69441 - OPTIMIZATION MODELS AND ALGORITHMS M

Course Unit Page

Academic Year 2018/2019

Learning outcomes

The goal of the course is to deal with Integer Programming that is a very powerful tool for modeling combinatorial optimization problems arising in many branches of engineering, industry and resource allocation. The first part of the course covers the modeling aspects of the field, providing the tools for constructing effective mathematical models, i.e., models that can be solved in practice. The second part is devoted to the algorithmic aspects: basic algorithms are reviewed and more sophisticated ones, useful for those models characterized by a large number of variables and/or constraints, are presented in detail. Finally, the third part of the course discusses real-world applications. At the end of the course students are able to formalize a combinatorial problem taken for the real life and run specific tools and algorithms for solving it in practice.

Course contents

The course includes a first part in which the basic concepts of Linear and Integer Programming are briefly discussed.

In particular:
1. linear programming and duality theory
2. integer linear programming and branch-and-bound
3. complexity of the algorithms
4. basics of graphs theory


The second part of the course is on the modeling, starting from the integer linear programming models for basic NP-complete problems with special emphasis on the discussion of the quality of their continuous relaxation. Finally, some more complex applications involving models with an exponential number of variables and/or constraints are discussed including the presentation of branch-and-cut and column generation techniques on some specific examples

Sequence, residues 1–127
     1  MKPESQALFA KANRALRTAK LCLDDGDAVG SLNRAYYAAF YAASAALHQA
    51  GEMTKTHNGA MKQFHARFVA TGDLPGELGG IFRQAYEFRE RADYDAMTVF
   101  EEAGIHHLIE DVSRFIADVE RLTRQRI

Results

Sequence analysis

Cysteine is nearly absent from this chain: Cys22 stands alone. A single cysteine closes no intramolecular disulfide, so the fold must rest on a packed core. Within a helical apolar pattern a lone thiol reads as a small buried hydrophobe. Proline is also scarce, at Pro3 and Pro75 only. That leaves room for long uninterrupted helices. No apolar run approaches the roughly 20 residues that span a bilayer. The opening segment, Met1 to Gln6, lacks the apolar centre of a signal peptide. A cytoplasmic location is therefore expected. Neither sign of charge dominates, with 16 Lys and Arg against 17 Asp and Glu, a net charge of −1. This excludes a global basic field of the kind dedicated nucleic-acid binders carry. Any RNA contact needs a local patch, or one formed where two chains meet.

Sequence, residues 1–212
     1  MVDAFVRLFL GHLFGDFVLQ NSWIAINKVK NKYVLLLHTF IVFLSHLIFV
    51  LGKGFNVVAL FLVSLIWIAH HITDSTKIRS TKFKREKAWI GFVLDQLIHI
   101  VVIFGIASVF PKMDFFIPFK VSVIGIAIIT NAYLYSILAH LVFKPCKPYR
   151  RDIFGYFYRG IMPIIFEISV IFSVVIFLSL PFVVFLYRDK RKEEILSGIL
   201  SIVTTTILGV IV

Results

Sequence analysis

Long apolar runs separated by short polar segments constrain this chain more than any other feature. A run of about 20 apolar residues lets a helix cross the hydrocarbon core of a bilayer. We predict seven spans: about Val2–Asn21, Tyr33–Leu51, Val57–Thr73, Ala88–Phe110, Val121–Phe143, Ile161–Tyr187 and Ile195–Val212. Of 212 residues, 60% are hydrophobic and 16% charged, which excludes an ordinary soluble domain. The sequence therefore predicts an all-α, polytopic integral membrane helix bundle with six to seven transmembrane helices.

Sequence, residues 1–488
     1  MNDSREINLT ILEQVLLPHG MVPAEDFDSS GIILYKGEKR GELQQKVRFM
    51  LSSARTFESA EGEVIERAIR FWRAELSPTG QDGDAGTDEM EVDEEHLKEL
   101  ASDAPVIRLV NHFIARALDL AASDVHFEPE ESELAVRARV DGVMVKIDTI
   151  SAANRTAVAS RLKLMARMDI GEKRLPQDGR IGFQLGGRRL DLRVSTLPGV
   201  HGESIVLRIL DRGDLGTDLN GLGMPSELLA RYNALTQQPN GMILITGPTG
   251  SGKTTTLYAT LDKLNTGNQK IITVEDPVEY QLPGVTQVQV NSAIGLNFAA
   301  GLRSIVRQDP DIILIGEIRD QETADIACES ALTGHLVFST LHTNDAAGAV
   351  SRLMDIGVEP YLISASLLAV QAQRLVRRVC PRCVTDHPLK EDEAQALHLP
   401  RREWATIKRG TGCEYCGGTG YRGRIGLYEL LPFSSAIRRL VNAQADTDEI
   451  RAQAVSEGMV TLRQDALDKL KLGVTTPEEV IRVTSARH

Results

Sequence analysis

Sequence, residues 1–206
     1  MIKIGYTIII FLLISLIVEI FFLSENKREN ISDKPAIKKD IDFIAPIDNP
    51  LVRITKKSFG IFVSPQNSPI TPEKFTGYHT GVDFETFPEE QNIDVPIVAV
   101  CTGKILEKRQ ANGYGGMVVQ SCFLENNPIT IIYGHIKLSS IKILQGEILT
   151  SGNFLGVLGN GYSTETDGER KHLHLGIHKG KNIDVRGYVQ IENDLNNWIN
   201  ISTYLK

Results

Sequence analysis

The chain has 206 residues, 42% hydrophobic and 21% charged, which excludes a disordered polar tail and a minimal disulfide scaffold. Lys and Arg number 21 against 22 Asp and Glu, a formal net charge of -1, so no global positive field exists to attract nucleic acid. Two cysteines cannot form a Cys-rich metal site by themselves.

Readings/Bibliography

Laurence A. Wolsey, Integer Programming , Wiley, 1998.

The introduction and basics of the course can be found in
Christos H. Papadimitriou and Ken Steiglitz, Combinatorial optimization: algorithms and complexity , Dover 1998.
In particular:
Chapter 2: Linear Programming and the Simplex Algorithm
Chapter 1, Appendix: Basics and notation of Graphs
Chapter 8: Computational Complexity
Chapter 18: the Branch-and-Bound algorithm for Integer Programming

Teaching methods

Frontal lectures and class exercises

Assessment methods

The exam is aimed at evaluating the understanding of the course content.

The exam is composed by a written part in which the students are asked to answer to three open questions on the course content. The questions may include the solution of simple exercises. It is not allowed to use any written source or electronic device during the exam.

The written part is integrated by an oral discussion on the topics of the written questions and on other topics of the course.

The final evaluation is in 30.

Teaching tools

lecture notes, slides and exercises available online

Office hours

See the website of Daniele Vigo